Traffic Management FAQ
Here are some of the most frequently asked questions.
What action does the Council take against footway parking?
If there are waiting restrictions (yellow lines) on the highway adjacent to the footway then a Penalty Charge Notice can be issued by the Council’s Civil Enforcement Officers (formerly Traffic Wardens) on any vehicle contravening the waiting restrictions. Waiting restrictions apply from the centre of the carriageway to the back of the adopted footway.
If there are no waiting restrictions on the highway adjacent to the footway then the Council have no powers to take action. The parking of vehicles on the footway is a danger to pedestrians, it also constitutes obstruction of the highway and can lead to damage, which are both offences under The Highways Act 1980. Incidences of such parking should be reported to Greater Manchester Police, for enforcement action to be taken commensurate with their other duties.
Can anything be done as I am having problems getting onto and off my driveway due to vehicles parking and blocking my drive?
It would not be appropriate for a Traffic Regulation Order to be made to introduce waiting restrictions at the entrance to your drive, as the parking you refer to causes obstruction which is an offence under The Highways Act 1980.
It may be appropriate in the circumstances to introduce entrance protection markings at the entrance to your drive. The road markings are in the form of an elongated ‘H’ placed across the width of the driveway one metre from the kerb line.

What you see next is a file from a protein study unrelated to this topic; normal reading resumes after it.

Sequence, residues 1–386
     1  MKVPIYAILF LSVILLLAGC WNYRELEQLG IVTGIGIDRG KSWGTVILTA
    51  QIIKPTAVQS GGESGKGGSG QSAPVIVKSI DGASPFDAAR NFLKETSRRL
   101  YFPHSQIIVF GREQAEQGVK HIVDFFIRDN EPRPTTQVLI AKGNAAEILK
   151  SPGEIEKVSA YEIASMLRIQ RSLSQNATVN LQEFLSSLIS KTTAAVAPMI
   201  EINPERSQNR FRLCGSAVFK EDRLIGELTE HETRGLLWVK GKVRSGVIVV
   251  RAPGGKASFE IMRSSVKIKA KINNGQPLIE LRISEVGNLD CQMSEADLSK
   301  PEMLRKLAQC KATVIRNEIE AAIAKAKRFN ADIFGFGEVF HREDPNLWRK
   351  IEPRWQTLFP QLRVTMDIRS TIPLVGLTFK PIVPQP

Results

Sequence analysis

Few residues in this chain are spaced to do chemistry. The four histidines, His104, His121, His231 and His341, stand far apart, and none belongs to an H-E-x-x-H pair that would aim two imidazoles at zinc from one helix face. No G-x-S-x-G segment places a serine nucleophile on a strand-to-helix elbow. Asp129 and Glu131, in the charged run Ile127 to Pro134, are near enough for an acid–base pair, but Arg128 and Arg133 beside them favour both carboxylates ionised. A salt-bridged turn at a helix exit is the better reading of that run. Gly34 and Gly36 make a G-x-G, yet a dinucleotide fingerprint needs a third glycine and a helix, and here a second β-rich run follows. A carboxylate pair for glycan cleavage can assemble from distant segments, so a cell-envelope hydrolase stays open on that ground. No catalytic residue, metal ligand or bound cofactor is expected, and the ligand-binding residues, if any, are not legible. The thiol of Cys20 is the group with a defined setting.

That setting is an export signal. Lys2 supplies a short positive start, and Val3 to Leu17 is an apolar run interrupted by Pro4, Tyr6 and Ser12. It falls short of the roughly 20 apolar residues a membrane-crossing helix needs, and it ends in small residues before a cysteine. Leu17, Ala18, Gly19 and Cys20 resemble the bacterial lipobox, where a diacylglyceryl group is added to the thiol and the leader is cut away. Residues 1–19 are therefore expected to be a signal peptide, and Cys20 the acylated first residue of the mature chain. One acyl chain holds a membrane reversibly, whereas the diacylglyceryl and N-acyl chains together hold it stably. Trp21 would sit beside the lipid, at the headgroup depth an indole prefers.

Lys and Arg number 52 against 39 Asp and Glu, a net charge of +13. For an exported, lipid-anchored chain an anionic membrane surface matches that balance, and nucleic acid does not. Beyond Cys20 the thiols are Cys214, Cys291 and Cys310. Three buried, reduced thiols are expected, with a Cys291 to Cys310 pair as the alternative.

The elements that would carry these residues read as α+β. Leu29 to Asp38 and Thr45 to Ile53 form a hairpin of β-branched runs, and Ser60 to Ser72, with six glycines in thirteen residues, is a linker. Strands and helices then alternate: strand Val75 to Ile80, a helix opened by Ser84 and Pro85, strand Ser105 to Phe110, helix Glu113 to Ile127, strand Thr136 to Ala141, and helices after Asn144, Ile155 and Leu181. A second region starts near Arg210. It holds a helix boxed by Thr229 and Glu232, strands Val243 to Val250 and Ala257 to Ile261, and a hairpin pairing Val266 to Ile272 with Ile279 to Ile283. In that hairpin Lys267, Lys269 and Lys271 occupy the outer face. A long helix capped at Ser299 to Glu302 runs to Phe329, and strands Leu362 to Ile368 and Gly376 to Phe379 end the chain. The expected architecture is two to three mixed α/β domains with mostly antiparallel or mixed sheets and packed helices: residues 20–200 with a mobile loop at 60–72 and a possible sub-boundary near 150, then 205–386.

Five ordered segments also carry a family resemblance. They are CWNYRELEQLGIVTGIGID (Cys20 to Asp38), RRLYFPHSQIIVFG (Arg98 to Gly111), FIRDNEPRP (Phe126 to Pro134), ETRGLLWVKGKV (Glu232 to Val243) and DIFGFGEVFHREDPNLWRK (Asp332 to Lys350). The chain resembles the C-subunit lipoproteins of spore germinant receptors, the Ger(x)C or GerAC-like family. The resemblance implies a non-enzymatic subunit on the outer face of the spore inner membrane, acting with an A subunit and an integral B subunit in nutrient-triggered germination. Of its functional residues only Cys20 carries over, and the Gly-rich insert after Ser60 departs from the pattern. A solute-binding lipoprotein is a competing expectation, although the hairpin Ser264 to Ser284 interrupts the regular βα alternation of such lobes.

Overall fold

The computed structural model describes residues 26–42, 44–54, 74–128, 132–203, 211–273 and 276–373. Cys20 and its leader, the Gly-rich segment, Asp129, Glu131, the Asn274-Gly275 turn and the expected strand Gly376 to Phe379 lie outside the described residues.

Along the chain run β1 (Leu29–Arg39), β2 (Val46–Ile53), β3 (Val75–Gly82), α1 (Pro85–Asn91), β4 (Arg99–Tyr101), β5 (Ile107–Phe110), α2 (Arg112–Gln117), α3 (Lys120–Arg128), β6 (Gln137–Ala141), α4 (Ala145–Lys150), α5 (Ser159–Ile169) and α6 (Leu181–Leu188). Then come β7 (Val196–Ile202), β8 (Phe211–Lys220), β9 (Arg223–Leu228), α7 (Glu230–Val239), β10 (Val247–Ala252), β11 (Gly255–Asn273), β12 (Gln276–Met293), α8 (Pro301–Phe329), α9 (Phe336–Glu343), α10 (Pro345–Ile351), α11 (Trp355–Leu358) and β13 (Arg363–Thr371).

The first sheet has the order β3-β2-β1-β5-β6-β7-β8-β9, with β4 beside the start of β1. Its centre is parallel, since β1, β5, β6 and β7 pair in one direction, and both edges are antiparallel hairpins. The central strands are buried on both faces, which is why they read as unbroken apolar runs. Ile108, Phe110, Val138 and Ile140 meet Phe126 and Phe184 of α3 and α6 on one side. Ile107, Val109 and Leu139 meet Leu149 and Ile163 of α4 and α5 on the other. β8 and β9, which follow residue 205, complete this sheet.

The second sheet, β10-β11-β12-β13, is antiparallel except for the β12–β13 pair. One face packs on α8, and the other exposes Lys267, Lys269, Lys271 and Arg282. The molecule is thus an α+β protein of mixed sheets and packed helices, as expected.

The H bar road markings are only advisory markings but they highlight to drivers to keep accesses (driveways) clear.
It is an offence to park across a dropped kerb, which results in a resident being unable to drive on/off their drive. Should this occur our Civil Enforcement Officers (CEOs) can issue a penalty charge notice, upon the resident's request, on any vehicle parked across the dropped kerb. Please note that the resident's own vehicle is liable to a penalty charge notice if they park across their own dropped kerb. We will endeavour to ensure that a CEO attends the location.
If you are interested in applying for this ‘H bar’ road marking please contact the Traffic Section for an application form to be sent out to you.
Can I erect a mirror on the highway?
Traffic mirrors cannot be erected on the public highway as they are not approved by the Department for Transport. The main reasons why they are not allowed are as follows:
• Their effectiveness in all weathers is likely to be different;
• They can cause confusion for motorists by providing distorted information;
• They can create difficulties in judging speed and distance of reflected vehicles;
• They can cause problems of glare in strong sunlight;
• They are susceptible to vandalism; and
• Considerable maintenance would be required to keep them completely clean.
Can I have a disabled driver’s parking bay marked outside my house?
If a resident is disabled, they may apply to have a parking bay marked on the highway outside their home if they meet the following criteria:
• Holds a Blue Badge;
• Owns and drives a car or another member of their family who lives with them owns and drives a car;
• Does not have a driveway, garage or off-street parking place; and
• A safe, legal and suitable location can be marked out.
Please contact the Traffic Section for an application form to be sent out to you or download an application form from our Traffic Management webpage. Disabled bays are only advisory and other drivers may still use them if they wish.